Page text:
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Thursday 24 January 2019

Mental health hospital bids to head off Christmas crisis

New scheme highlights stressful and emotional impact of the holiday season on our well-being

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Niamh Horan

Niamh Horan

The pressures of Christmas are so extreme that one of Ireland's leading mental health hospitals has launched a new initiative to help people cope with the holiday season.

Doctors at St Patrick's Hospital have launched the country's first 'Seasonal Mental Health and Support Programme' for people who experience a deterioration in their mental health at this time of year.

Speaking to the Sunday Independent, Dr Declan Lyons described the emotional impact the holidays can have.

"We all know that negative life events are stressful, but sometimes positive life events can be stressful too, and expectations surrounding Christmas and how things 'should' be are high.

"Some people may be cynical about the holiday as a defence mechanism but nevertheless it does shine a magnifying glass on your well-being, your support network and the meaning and value you attach to your life."

Dr Lyons said that loneliness, which he described as "a fundamental human fear" and "something that is in our deep subconscious psyche" is more pronounced in the holiday season.

"We know from statistics that loneliness is as deleterious to your mental health as smoking and this is the time of year when it really does come to the fore.

"There can be a frenzy in the lead up to it and then it pares life back to the very bare essentials. You look at what you have in your life or indeed what you don't have. And it can be a very emotionally laden event for people.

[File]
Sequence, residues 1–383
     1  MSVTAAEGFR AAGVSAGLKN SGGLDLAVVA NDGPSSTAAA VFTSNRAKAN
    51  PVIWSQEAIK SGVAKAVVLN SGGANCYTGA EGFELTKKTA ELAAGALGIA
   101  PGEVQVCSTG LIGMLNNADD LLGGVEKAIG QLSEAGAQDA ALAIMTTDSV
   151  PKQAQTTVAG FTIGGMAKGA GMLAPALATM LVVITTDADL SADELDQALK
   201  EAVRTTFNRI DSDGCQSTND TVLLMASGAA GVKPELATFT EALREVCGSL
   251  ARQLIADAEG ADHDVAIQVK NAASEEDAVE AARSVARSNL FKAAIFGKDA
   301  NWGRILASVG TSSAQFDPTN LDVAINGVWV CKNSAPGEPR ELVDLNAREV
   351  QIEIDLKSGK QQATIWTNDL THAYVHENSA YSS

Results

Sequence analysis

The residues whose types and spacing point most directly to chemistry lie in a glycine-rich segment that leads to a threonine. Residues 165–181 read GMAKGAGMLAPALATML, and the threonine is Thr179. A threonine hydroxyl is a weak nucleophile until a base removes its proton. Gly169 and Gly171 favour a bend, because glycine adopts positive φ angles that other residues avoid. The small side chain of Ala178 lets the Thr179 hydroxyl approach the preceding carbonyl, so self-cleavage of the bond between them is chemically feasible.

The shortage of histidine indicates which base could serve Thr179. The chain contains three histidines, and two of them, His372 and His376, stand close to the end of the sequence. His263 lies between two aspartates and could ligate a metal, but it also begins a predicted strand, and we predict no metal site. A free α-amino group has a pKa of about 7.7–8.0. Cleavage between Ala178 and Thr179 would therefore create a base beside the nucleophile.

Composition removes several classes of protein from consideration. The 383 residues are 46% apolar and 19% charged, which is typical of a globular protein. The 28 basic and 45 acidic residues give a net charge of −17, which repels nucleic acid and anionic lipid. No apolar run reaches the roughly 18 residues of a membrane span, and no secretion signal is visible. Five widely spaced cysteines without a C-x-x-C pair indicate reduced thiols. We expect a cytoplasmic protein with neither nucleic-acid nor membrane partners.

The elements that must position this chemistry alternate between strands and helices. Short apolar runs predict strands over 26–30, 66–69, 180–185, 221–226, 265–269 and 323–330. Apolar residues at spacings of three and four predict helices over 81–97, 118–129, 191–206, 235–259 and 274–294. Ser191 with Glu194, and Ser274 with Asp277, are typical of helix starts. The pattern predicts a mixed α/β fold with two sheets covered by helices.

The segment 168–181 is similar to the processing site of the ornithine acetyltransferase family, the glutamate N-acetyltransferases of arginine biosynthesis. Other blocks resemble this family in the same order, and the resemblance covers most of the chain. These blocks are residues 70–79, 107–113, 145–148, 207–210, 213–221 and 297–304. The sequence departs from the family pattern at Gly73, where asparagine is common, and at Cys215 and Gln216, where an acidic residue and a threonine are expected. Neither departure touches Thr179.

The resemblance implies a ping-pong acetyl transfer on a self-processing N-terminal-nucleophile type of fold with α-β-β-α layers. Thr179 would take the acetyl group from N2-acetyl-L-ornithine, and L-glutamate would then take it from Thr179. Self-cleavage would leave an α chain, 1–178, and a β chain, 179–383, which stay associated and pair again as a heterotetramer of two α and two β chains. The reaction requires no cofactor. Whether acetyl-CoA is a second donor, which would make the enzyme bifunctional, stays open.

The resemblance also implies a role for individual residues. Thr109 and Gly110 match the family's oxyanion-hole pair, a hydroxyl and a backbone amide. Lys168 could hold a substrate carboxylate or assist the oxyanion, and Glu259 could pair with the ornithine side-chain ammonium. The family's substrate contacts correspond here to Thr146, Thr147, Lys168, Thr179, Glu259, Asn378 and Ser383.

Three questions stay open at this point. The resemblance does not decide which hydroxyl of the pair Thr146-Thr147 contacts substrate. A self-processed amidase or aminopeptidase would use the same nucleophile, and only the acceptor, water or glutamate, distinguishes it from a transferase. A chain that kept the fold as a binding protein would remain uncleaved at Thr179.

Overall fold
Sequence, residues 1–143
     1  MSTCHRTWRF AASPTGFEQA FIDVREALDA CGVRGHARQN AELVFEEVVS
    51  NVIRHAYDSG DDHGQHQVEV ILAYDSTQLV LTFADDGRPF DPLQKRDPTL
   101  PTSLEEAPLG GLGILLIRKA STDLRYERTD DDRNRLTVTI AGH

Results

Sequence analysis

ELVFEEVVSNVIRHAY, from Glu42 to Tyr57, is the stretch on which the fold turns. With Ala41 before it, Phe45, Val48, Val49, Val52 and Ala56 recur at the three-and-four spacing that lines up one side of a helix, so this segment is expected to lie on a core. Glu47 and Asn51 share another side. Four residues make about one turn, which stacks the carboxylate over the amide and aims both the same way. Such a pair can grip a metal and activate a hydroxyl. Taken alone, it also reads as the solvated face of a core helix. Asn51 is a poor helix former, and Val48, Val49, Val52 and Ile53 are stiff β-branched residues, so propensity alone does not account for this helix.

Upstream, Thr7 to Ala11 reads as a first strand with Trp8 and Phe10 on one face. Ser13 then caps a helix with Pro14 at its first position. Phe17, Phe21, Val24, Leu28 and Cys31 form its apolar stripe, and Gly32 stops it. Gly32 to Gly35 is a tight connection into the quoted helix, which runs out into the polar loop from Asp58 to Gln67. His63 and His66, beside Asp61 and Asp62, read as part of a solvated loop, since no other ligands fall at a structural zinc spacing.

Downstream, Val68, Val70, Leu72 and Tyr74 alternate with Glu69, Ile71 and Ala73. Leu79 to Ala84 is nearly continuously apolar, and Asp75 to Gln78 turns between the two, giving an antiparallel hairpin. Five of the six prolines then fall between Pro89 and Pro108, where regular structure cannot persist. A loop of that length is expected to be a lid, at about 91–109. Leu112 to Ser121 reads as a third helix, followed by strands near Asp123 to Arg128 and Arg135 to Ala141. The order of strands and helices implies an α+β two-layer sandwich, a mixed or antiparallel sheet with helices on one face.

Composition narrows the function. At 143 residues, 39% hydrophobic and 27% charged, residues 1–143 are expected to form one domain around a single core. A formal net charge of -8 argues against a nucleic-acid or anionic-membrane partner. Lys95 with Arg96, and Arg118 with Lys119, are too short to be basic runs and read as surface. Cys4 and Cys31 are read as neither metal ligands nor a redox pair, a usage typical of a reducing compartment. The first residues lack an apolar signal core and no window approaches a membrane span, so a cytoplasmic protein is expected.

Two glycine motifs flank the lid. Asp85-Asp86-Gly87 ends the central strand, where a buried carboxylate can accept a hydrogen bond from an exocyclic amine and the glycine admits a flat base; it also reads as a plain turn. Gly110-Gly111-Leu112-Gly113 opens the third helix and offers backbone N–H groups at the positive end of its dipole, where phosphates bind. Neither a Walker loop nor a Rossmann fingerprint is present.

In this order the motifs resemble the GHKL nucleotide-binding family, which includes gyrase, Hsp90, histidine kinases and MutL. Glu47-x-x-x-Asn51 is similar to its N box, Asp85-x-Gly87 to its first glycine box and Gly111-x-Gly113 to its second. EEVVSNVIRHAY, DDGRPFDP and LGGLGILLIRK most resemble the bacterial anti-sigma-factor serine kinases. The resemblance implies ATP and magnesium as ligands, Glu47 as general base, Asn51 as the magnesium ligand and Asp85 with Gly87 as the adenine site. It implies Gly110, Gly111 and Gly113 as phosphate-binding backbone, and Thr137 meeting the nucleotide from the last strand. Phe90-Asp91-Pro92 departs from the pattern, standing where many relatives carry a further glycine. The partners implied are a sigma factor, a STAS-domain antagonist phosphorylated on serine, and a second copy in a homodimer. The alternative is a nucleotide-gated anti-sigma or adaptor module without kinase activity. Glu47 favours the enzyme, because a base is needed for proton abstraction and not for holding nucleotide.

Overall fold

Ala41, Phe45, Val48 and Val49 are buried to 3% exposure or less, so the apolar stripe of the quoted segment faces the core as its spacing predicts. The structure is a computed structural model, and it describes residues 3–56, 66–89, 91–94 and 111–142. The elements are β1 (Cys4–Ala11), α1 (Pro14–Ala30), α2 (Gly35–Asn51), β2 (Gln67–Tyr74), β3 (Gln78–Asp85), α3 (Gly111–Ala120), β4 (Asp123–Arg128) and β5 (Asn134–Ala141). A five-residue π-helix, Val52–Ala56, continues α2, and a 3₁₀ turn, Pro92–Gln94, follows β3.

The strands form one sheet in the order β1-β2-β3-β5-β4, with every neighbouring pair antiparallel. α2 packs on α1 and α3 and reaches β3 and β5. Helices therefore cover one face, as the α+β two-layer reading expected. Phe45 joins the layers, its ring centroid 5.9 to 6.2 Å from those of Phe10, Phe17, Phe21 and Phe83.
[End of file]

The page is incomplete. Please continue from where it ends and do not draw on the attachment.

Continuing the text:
"There is a tendency to think that there will be a respite from all the pain and the way you feel at Christmas but that doesn't always tend to happen."

Although Dr Lyons works specifically with patients over 65, he says the pressures of Christmas are felt across the board. "The aim of the programme is to help you deal with the consequences or the difficulties that arise from the cause of mental ill health [at this time of year]."

The doctor also called on people to check in on neighbours who may be alone, saying: "Exercise curiosity towards your neighbour. Go the extra mile now that the frenzy of preparation has passed. It's about reaching out and reverting to the true Christmas spirit in action, not just in aspiration.

"Drop in, make some communication, a smile or a greeting or an invitation under the door."

Sunday Independent

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